Ideal filter time-domain impulse response is $$h(t) = 2B \operatorname{sinc}(2Bt)$$ It is not causal nor BIBO stable. Is it time invariant? And how can i prove it?


1 Answer 1


If your system is defined by its time-invariant impulse response $h(t)$, then it is by definition a linear time-invariant system (LTI). The output of the system is the convolution of the input signal with its impulse response. This holds, since convolution is translation-invariant (https://en.wikipedia.org/wiki/Convolution#Properties).

A time-invariant impulse response can be recognized, if it only depends on one time-variable, i.e. $h(t)$. For time-varying multipath channels, the impulse response can become time-variant, and is in this case expressed as $h(t,\tau)$ and the output of the system is given by

$$y(t)=\int x(t-\tau)h(t,\tau)d\tau.$$

However, these systems are more advanced and not often studied in fundamental courses.

  • $\begingroup$ Thank you for answer. Maybe i used "impulse response" term wrong, it could be "transfer function". It is an ideal LPF filter which is pulse in frequency domain, and a sinc function in time domain. Is it still time invariant? $\endgroup$
    – ylcn
    Mar 29, 2017 at 7:02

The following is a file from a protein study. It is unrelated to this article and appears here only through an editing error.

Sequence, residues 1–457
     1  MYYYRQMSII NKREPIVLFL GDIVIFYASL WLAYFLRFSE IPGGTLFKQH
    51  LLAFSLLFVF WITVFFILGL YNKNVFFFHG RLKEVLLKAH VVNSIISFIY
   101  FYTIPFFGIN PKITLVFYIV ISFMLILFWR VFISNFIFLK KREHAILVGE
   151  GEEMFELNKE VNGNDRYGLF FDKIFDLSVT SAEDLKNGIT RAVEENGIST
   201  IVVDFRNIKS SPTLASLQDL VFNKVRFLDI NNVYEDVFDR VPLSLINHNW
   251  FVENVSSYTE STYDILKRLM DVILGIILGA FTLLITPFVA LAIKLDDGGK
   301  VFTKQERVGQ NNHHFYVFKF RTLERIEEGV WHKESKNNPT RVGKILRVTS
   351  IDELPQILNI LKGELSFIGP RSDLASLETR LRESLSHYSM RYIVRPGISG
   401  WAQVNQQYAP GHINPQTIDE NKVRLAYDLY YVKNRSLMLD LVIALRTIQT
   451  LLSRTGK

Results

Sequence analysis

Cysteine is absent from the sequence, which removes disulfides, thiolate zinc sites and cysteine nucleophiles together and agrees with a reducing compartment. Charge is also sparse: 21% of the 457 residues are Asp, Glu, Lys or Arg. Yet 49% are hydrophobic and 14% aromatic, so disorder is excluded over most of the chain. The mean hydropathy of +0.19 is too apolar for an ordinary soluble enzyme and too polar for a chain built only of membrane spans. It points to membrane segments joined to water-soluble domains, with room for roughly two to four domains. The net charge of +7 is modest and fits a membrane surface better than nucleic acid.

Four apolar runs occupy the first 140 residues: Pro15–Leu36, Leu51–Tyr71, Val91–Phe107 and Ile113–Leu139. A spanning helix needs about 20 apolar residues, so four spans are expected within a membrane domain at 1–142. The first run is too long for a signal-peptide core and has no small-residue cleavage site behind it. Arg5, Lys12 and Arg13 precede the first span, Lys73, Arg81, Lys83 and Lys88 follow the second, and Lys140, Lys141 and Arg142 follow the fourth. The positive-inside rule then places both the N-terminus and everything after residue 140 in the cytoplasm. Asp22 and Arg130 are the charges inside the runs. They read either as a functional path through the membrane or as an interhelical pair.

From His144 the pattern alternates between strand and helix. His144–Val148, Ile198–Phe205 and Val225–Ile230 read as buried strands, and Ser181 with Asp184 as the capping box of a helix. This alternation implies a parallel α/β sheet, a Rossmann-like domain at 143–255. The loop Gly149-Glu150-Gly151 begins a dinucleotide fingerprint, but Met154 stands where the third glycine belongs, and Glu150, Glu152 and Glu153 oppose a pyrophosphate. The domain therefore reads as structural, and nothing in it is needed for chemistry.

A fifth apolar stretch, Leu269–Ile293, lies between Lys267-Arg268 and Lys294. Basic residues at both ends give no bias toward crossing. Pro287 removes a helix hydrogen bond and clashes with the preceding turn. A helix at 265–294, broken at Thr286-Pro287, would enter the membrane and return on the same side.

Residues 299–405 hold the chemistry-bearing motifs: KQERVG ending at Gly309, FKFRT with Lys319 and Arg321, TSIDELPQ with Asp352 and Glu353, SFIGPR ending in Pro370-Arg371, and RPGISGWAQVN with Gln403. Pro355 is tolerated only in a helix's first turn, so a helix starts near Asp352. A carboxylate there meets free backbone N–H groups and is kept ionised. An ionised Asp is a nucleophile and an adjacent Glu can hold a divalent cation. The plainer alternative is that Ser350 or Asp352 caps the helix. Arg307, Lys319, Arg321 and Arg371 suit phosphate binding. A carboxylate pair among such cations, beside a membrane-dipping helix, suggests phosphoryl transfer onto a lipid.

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    $\begingroup$ Yes, the transfer function is the Fourier Transform of the system's impulse response. So, they are mapped one-to-one, and the system is time-invariant and linear. $\endgroup$ Mar 29, 2017 at 7:03
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    $\begingroup$ I would suggest adding that the impulse response should also be time- invariant in order to have an LTI system. A multipath channel, for instance, is defined by a time-varying impulse response but is not LTI. $\endgroup$
    – msm
    Mar 29, 2017 at 9:41
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    $\begingroup$ @msm I agree and added some sentences on time-variant impulse responses. $\endgroup$ Mar 29, 2017 at 10:17
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    $\begingroup$ Yes, exactly like that. just search for the proof that convolution is translation-invariant for more details. $\endgroup$ Mar 29, 2017 at 13:24

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